One of the more common problems encountered in dermatology practice is herpes simplex (also known as cold sores). Cold sores are caused by the herpes virus, either Type 1 or Type 2. The virus enters the skin through some opening in the epidermis, often secondary to trauma. It then replicates in the skin and within a few days produces itching, tenderness and mild discomfort in the involved area. This is rapidly followed by swelling and redness. Within 24 to 48 hours, multiple grouped blisters appear. The blisters soon become cloudy, then develop a purulent (pimple-like) character with subsequent erosion and crust formation. An enlargement and tenderness of a local or regional lymph node may develop simultaneously.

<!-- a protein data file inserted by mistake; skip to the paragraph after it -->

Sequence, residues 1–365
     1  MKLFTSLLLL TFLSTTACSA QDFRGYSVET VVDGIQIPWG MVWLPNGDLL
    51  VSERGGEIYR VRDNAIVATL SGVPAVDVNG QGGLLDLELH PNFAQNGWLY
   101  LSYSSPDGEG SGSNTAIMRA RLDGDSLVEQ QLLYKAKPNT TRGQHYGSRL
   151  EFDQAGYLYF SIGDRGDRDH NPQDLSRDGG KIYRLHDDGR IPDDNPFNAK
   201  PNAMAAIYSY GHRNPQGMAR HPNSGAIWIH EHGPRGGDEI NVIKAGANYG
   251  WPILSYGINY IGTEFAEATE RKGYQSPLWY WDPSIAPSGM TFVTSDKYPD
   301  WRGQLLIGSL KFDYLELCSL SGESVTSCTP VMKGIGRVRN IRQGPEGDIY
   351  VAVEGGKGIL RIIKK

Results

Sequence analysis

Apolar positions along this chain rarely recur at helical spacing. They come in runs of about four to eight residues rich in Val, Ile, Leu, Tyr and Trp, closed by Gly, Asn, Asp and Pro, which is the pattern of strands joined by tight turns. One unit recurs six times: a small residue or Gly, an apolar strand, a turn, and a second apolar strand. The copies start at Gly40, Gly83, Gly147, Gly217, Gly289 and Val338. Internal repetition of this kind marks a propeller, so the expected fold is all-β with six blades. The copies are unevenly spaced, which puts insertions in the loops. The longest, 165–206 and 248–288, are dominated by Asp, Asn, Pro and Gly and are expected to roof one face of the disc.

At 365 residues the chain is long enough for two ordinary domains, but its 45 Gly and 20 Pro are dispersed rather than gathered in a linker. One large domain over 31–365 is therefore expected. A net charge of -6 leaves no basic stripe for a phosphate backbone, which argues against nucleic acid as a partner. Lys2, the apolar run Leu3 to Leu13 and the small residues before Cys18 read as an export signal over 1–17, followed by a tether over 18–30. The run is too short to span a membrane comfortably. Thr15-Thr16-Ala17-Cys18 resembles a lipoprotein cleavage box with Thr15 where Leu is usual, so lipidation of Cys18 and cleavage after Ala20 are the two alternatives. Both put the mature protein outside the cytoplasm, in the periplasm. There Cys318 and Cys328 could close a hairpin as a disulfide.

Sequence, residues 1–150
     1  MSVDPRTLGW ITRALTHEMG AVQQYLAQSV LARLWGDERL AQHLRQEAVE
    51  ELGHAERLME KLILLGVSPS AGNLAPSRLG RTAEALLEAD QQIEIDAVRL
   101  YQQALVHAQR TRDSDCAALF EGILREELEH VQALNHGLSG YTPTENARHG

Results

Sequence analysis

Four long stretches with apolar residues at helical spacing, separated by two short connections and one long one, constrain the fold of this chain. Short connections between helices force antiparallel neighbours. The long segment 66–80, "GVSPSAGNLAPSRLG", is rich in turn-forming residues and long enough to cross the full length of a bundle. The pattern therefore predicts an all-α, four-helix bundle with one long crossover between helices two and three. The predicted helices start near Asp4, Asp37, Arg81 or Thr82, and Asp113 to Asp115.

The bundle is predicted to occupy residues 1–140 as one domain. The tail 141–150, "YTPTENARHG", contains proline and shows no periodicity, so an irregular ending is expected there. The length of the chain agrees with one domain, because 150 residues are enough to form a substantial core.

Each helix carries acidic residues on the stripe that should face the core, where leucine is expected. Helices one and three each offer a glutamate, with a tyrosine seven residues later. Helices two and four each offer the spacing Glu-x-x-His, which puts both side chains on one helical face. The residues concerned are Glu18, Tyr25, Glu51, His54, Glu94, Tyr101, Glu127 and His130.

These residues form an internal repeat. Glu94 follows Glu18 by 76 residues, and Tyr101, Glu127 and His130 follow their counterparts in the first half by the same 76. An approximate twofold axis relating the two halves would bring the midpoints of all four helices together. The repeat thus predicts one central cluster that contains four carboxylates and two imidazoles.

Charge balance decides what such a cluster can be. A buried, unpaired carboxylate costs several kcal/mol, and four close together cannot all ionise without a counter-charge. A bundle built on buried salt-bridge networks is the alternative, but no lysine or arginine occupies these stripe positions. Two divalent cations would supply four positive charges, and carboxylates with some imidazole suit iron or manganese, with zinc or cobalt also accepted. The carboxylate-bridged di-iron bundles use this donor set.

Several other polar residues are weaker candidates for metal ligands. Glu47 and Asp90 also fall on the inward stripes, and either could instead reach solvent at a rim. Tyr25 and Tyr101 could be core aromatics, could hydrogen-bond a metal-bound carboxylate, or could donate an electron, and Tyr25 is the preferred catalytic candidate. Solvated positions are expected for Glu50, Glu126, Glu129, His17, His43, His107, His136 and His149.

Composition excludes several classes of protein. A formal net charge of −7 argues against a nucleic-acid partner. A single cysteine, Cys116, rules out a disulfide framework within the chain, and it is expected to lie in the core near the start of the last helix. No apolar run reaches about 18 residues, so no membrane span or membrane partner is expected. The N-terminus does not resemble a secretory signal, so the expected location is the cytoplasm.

Treating Herpes Simplex
There are a variety of therapies available for herpes simplex. The frustrating thing about herpes simplex is that while the therapy is very effective at clearing the skin lesions, however, none of these medications prevent recurrence. Suppressive therapies can be used to prevent recurrences.